By Tyrie Lane, Dec. 6, 2022
Students and staff took to the audience of the recital hall as Director Isaac Schankler kicks off the Electronic Music and New Music ensemble concert on Nov.28.Cal Poly Pomona’s Electronic and New Music ensembles focus on the possibilities of music paired alongside technology.
Schankler detailed the process of structuring the concert, emphasizing that selecting placements of musical sections and which musical pieces will come before another comes with a lot of testing what will work and what will not.
“Having a bigger picture while putting together the concert there’s a balance of trust with not only the players but also giving the players necessary tools,” said Schankler.
Schankler explained the meaning behind the ensemble title “New Music” and what it represents.
“For New Music it’s interesting because it is a vague term. A lot of music is to be considered new music but for the ensemble it refers to the contemporary classical. In this genre it would be considered 21st century composers while keeping a lot of the music current,” said Schankler.
The New Music ensemble opened the concert with three 21st century pieces paired alongside modern instruments and the Electronic Music ensemble brought the night to a close with its electronic synthesizers.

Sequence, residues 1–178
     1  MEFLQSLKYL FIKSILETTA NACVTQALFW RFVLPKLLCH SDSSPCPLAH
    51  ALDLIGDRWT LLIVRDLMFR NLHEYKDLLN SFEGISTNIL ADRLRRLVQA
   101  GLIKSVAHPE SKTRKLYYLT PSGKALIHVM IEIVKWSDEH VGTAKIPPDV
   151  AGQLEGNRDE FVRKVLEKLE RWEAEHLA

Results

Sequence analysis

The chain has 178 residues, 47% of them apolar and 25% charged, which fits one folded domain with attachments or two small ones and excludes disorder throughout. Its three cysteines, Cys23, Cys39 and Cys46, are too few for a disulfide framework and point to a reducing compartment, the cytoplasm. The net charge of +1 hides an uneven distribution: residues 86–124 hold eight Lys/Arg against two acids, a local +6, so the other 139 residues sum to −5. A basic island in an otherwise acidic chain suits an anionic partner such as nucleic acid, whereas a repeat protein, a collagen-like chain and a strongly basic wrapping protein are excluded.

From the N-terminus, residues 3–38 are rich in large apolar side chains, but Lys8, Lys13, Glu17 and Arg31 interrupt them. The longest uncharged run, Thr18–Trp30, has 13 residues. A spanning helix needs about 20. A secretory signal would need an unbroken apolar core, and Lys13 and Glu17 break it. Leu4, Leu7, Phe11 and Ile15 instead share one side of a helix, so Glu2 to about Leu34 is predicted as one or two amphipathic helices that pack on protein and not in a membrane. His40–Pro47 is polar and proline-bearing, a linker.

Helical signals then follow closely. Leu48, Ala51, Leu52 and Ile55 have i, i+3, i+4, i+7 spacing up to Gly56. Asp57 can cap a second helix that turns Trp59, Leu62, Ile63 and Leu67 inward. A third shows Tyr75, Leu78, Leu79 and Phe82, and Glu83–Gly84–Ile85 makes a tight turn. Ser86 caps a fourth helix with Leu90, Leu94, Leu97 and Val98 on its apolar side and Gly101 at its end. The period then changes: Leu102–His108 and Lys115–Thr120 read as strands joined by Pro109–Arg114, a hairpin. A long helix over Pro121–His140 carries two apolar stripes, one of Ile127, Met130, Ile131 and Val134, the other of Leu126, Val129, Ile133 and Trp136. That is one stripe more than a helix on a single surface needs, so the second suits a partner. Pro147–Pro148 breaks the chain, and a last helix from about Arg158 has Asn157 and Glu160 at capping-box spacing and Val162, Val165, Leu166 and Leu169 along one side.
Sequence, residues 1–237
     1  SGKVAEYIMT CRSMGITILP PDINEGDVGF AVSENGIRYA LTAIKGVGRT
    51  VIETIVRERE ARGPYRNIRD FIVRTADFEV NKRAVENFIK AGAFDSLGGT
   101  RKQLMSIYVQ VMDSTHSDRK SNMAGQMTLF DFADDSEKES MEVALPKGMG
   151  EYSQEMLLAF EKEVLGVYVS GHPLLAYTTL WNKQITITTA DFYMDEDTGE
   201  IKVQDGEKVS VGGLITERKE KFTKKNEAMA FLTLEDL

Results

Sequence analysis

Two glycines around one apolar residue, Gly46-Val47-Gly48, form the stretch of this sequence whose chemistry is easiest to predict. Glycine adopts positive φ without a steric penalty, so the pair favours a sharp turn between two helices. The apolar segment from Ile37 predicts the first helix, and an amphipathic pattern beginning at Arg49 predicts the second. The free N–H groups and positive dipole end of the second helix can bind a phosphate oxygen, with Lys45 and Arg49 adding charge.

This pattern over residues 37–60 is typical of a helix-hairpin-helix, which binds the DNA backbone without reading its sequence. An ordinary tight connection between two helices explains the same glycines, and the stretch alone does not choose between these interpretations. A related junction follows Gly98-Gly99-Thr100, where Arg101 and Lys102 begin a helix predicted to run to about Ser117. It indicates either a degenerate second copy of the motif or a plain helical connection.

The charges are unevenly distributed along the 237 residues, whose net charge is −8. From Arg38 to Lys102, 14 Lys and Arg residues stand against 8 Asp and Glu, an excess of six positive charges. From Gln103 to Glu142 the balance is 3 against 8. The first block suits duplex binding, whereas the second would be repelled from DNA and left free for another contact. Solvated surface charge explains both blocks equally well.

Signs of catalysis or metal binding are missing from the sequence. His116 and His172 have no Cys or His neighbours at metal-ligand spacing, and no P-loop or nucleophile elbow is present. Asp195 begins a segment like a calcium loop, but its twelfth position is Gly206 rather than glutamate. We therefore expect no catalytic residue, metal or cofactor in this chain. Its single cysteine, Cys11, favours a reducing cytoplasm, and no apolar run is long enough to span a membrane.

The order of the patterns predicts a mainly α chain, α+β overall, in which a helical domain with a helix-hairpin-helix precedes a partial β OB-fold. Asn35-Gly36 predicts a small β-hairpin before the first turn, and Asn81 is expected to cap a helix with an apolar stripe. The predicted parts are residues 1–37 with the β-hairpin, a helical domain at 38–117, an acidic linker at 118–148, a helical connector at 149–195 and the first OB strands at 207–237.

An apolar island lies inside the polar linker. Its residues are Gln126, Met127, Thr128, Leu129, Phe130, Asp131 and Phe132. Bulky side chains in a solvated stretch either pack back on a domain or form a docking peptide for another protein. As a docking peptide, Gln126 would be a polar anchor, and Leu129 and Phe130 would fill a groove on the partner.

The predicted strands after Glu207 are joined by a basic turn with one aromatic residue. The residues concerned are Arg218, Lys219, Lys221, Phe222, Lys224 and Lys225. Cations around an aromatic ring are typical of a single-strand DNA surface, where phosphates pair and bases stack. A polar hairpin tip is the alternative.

“From experience it’s really hard for acoustic non–amplified music to follow up to electronic music. So that made the choice to place the New Music section first easier as it would show up better,” says Schankler.
Schankler shared his hands on experience with music as well as what he has been able to learn from music over the years.
“The thing I love about music and what keeps me coming back is that the rule in music of creating community, but also collaboration to me is the fascinating part of music. The type of bonds that are formed are powerful for collaboration,” said Schankler.
For “New Music” ensemble pianist Savana Green, setting aside the dedicated time to practice is difficult, especially as a student with other classes.
“If I can just grab an hour or two every week to practice I’m OK.But in the same breath, when I’m in spaces where I’m at work or I’m studying, it’s just time that I question whether or not I could be practicing that next piece,” said Green.
Through the first three sets of “New Music,” Green was featured as the pianist. Green mentioned other instrument styles she really enjoys having the chance to be paired with as a pianist, as it can be fun to step out of the box.
“I always find being paired with a pianist fun, recently I had the chance to be paired with a vocalist and that’s a different experience because instead of focusing on the key you have to let the vocalist lead while letting that also transcend into what you’re playing,” said Green.
The pressure of performing on stage is nothing to freeze over according to New Music ensemble guitarist, Matthew Welch.
Welch explained the fear of being scared on stage comes from the lack of practice.
“The pressure just doesn’t really exist unless you just don’t practice for a long time and I’ve been there. While being on stage can be intimidating when you have a band or an ensemble with you it gives you that extra push to want to go all out. It altogether comes to a team effort,” said Welch.
The new music ensemble performs multiple times throughout the year at different venues on campus, including Cal Poly Pomona’s recital hall.
For details regarding future CPP “New Music” ensembles, visit its website.
Feature image courtesy of Tyrie Lane
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